At first glance, the Institutional Revolutionary Party (PRI) is the clear winner of Mexico's July 1 presidential election. But a closer look at the results reveals a more muddled picture. On the surface, the PRI certainly came out ahead: After 12 years in opposition, Mexico's once-hegemonic power reclaimed the presidency and engineered a strong congressional coalition. Also, when Enrique Pena Nieto is inaugurated on December 1, the party will have governors in place in 22 states and control of a majority of state legislatures. Meanwhile, the PRI's main rival, the currently ruling National Action Party (PAN), fielded a third-place presidential candidate, lost control of the key states of Jalisco and Morelos, and saw itself reduced to the third-largest party in the lower house of congress.
The PRI's pick-ups and the PAN's failure to retain the presidency were largely predicted in the weeks preceding the election. What came as a surprise was Pena Nieto's inability to reach the critical 42 percent threshold of total votes, which translated into a weaker performance for the PRI in the congressional races. The party failed to achieve working majorities in both chambers, and the outcome fell far short of the PRI's expectations-especially in the senate, whose members are elected every six years. So in a dramatic turn of events, Pena Nieto will assume the presidency but will have to depend on legislative support from the PAN to secure his agenda.
The electoral outcome has damaged the center-right PAN, but it does have this one lifeline. As a pivotal party in congress, it will be the only powerbroker with which the PRI will be able to negotiate structural reforms. This is the inverse result of the 2006 election, which may provide some consolation to PANistas who watched the policies of outgoing president Felipe Calderon repeatedly held up by the PRI over the past six years. This time, it is the PRI that will be tied to the PAN for the entirety of the Pena Nieto administration.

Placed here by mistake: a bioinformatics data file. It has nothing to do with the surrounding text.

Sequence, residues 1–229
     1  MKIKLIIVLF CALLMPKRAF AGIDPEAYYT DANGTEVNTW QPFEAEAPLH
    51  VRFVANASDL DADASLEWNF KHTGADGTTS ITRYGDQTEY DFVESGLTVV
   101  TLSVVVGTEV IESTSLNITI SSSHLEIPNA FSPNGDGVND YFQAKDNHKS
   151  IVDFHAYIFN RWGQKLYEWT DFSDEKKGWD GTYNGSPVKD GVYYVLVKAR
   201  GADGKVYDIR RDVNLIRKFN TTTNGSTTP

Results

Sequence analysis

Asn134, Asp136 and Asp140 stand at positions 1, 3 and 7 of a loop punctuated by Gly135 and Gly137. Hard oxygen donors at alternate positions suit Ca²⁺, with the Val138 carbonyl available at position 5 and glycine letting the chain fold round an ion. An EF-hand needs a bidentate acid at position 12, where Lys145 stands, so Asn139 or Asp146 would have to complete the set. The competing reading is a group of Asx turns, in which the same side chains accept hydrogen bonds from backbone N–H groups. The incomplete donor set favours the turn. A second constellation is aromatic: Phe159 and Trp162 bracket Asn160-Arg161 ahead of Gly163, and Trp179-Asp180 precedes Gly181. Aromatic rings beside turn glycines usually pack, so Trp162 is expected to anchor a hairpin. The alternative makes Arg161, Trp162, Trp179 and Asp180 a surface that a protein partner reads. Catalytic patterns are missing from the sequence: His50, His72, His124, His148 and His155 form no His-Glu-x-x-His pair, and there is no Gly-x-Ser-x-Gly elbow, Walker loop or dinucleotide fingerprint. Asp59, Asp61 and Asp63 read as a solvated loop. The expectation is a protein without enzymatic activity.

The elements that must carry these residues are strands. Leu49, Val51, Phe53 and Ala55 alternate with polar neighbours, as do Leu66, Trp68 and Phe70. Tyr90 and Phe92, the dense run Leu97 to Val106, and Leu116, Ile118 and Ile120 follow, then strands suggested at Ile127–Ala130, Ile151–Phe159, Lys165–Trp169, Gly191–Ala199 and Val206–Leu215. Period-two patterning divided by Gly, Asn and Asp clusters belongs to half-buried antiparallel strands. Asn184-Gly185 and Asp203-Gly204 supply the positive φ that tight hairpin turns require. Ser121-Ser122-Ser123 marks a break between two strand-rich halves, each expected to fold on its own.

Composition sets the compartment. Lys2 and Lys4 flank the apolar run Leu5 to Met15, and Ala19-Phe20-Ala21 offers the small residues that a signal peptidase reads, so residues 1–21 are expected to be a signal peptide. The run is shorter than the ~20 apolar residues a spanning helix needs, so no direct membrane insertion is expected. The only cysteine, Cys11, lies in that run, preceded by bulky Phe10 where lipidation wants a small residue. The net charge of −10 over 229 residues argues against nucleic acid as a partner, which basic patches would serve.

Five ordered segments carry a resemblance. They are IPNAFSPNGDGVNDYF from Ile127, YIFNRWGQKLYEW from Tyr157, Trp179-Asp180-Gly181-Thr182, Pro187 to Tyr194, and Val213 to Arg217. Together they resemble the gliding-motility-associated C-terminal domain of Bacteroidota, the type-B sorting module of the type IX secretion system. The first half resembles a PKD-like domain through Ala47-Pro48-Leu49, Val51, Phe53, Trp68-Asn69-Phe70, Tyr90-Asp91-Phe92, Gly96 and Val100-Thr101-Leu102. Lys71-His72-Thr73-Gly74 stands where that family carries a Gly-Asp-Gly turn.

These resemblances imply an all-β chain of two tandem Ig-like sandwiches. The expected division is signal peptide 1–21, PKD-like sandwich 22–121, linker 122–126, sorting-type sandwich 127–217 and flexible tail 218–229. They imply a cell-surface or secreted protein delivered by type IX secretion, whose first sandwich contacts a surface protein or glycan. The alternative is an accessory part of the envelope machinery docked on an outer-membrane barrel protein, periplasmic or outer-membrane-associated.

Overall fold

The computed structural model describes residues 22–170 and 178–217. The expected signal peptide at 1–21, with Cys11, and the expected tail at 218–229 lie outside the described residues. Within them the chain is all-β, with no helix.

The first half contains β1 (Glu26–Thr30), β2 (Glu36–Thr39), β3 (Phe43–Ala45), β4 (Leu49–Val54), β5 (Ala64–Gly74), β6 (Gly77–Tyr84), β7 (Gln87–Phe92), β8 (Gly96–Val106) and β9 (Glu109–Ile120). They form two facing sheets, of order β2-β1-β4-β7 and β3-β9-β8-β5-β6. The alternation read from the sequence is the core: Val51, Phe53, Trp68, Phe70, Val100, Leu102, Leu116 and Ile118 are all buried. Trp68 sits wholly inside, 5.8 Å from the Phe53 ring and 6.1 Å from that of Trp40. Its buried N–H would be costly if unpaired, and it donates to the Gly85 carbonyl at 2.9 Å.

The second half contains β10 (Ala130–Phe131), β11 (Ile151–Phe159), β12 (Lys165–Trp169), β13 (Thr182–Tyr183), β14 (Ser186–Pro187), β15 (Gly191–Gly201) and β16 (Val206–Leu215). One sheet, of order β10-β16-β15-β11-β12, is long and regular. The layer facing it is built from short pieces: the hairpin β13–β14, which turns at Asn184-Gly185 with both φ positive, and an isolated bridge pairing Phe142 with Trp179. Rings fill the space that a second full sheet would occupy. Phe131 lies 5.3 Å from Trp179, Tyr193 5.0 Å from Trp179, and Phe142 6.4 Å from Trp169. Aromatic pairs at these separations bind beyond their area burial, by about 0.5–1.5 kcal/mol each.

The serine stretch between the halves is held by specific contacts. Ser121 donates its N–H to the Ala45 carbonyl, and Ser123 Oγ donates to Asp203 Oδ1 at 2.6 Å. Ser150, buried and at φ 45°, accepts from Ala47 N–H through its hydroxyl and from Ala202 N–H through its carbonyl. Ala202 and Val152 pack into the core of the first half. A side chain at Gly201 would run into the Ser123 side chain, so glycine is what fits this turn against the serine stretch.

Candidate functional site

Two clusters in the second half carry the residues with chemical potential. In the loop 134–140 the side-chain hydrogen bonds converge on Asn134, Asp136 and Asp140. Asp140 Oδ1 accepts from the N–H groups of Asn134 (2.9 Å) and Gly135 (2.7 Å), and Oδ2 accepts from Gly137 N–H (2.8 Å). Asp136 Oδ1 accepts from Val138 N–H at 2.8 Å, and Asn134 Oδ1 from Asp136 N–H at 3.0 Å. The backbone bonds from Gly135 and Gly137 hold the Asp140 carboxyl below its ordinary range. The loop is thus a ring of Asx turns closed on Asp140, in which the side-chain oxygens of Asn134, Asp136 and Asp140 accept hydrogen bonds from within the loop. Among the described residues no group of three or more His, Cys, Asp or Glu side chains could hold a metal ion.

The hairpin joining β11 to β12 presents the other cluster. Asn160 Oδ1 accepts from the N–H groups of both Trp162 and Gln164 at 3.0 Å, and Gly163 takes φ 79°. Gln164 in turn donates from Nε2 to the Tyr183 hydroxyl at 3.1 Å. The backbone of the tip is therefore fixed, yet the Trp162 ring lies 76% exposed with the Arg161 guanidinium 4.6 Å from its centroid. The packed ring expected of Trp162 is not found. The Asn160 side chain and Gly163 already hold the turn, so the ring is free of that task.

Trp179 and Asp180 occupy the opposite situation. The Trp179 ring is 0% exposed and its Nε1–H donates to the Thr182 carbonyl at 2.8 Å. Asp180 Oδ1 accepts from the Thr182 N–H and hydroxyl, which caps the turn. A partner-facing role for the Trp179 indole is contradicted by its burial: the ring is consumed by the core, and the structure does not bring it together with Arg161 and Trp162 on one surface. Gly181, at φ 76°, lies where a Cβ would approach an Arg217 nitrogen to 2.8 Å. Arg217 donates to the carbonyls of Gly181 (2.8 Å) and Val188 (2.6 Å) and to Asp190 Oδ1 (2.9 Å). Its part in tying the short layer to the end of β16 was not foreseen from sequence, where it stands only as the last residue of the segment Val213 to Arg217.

This ironic turn of events clearly was not part of the PRI's plan. Pena Nieto intended, after winning by a double-digit margin and capturing both chambers, to propose moving forward on many long-stalled reforms, to secure congressional approval with or without PAN support, and to avoid having to undermine the vested interests that make up his constituency. The goal was to demonstrate the PRI's effectiveness from the outset and achieve solid results. The Mexican public, in turn, would see 12 long years of obstructionism and stalled reforms quickly vanish. But that plan collapsed last weekend.
So why, exactly, is the outcome so bad for the PRI? From a business perspective, it seems reasonable that the PRI and the PAN would come together to enact needed reforms. According to Pena Nieto and his advisers, the PRI is pursuing the same reforms that the PAN tried (and failed) to pass during the Vicente Fox (2000-2006) and Calderon (2006-2012) administrations: fundamental changes in the areas of labor, fiscal policy, energy, and competition. The PAN has no deep-seated ideological opposition to any of these (unlike the other major party, the Democratic Revolution Party, or PRD). And it does not have strong ties to the groups with an interest in maintaining the status quo. Conventional wisdom, therefore, would say that Pena Nieto will find a way to get the PAN on board to pass the relevant legislation.
It is not that simple, however. If the PAN learns from its historic defeat, it will quickly come to terms with the fact that it now has a golden opportunity over the next six years to push for a much deeper transformation of Mexico's political and economic landscape. In particular, the PAN can offer support for the PRI's structural reforms in exchange for dismantling the vestiges of the old PRI-led corporatist coalition that survived Mexico's transition to democracy. (The PAN struggled against this coalition during its 12 years in the presidential residence.)